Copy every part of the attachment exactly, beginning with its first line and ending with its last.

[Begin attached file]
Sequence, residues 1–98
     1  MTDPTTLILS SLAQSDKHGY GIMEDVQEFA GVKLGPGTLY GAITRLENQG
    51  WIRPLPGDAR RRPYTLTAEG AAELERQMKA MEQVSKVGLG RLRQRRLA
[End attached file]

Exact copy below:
Sequence, residues 1–98
     1  MTDPTTLILS SLAQSDKHGY GIMEDVQEFA GVKLGPGTLY GAITRLENQG
    51  WIRPLPGDAR RRPYTLTAEG AAELERQMKA MEQVSKVGLG RLRQRRLA